Homeowners can easily declare their home’s occupancy status by visiting the City of Toronto’s secure online portal. Those who do not have access to a computer can authorize someone to make the online or paper submission.
If you declare your residential property as vacant during the taxation year, you will need to pay the Vacant Home Tax. Only those owners that qualify for an eligible exemption are off the hook. If you do not qualify for an exemption, the city will send you a notice at the end of March showing your VHT amount owing. Your rate is one percent of your property’s Current Value Assessment. Payment will be due in three installments in May, June and July. Should you disagree, you can file a complaint through an online portal that will open in early April 2023.
What happens if you don’t declare your residency status?
If you fail to declare your residency status on top of being subject to the tax, you will:
- Be taxed the full portion of the VHT.
- Interest will be applied to your overdue tax amount at a rate of 1.25% on the first day after default. It will apply again each month as long as there are unpaid amounts.
- Unpaid amounts will be added to your property taxes upon default of payment.
- The city may also subject non-declaring owners to various fines for fraudulent or false declarations of residency.
Failure to meet the deadline can result in steep fines. They can range between $250 for failing to submit a declaration to $10,000 for making a false declaration.
Who is exempt from the tax?
The VHT applies to residential properties that are vacant for more than six months of the previous tax year. However, some vacant homes are exempt from the tax. Those situations include:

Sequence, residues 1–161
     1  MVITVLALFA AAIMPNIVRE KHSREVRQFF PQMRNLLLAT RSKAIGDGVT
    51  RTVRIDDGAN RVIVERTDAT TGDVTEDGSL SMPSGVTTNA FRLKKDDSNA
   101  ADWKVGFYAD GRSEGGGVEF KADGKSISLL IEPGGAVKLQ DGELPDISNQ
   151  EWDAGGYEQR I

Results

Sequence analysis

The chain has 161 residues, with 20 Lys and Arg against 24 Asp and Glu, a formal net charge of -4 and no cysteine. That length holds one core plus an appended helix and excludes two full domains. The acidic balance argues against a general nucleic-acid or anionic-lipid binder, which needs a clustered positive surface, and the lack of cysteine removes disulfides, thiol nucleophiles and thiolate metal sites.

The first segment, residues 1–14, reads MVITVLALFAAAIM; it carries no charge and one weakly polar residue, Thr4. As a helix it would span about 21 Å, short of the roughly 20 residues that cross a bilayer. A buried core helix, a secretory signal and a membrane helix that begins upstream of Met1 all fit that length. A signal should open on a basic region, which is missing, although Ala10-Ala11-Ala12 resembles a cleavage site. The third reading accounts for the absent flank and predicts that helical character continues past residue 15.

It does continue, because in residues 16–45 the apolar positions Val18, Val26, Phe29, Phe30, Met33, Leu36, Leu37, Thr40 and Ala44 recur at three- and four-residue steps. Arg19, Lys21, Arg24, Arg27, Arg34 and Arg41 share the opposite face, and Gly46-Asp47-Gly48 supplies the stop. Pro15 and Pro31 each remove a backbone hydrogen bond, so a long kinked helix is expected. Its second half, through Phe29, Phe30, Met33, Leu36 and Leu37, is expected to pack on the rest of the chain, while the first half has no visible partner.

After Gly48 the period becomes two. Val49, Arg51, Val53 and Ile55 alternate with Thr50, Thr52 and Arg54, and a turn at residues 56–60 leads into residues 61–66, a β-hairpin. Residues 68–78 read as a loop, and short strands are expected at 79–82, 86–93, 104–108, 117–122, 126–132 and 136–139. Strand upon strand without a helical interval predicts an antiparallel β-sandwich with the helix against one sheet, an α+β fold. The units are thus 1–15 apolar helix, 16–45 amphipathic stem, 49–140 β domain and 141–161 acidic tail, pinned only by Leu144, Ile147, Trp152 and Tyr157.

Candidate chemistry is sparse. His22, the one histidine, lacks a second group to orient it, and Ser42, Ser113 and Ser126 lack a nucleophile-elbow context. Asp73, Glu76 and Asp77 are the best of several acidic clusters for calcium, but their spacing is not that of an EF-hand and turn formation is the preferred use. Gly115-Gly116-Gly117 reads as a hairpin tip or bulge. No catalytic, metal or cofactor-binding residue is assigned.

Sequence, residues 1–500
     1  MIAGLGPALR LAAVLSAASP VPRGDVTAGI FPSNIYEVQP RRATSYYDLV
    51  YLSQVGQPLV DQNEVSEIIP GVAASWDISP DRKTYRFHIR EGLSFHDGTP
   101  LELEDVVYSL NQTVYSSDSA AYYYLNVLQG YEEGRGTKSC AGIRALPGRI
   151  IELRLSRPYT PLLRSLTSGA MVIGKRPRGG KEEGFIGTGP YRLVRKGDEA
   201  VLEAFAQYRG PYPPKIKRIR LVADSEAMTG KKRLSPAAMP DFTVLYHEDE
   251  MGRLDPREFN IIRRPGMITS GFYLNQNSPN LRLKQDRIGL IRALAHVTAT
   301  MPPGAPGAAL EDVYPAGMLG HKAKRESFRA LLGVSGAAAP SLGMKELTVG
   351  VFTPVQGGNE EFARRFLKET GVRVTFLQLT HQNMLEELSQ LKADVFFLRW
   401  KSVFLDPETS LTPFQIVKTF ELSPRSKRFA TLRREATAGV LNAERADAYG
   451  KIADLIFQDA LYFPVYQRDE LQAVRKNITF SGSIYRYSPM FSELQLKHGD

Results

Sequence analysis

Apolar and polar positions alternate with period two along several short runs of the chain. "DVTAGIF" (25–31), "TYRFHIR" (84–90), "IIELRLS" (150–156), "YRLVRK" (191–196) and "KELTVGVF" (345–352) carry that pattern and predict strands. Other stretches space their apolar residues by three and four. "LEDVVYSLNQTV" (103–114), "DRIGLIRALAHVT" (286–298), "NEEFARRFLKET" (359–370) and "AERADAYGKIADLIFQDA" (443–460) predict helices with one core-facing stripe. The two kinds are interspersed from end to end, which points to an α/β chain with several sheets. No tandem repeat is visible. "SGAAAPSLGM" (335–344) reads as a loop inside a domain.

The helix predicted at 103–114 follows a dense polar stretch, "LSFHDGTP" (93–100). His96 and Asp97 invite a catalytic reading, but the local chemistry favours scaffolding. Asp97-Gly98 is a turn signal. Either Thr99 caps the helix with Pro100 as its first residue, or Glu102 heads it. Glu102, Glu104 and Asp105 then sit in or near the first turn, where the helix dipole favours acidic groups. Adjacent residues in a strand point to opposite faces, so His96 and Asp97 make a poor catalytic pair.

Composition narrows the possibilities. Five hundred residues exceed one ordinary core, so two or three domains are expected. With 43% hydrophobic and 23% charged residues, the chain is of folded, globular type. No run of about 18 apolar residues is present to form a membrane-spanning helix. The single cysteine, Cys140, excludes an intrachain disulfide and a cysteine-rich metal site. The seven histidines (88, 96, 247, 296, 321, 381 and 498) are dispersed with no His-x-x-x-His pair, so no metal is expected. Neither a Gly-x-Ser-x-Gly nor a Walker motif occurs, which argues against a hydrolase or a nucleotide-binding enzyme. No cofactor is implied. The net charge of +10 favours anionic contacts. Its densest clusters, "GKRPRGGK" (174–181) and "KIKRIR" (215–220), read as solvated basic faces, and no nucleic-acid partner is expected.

- Death of a homeowner.
- Principal resident is in a care facility like a hospital or long-term care home.
- Court order preventing occupancy.
- Owner lives outside the GTA, but requires vacant home for occupational residency for at least six months of the year.
- Repairs and renovations.
- Transfer of legal ownership.
The new tax does not apply to homeowners who go to a vacation home for part of the year or work abroad. People who rent out their property are also exempt. Additionally, repairs and renovations are also exempt, so long as city officials are of the opinion that the work is “being actively carried out without unnecessary delay.”
Upside of the Vacant Home Tax
Toronto is the latest Canadian jurisdiction to introduce a tax on vacant homes as the country struggles with a widespread housing shortage. Vancouver was the first to introduce a tax on vacant homes and said in November it generated $115.3 million for affordable housing initiatives and renter supports since 2017. Some data from Vancouver suggests the tax nudged some vacant homes back onto the market. The city reports that the number of vacant properties decreased by 36 percent between 2017 and 2021.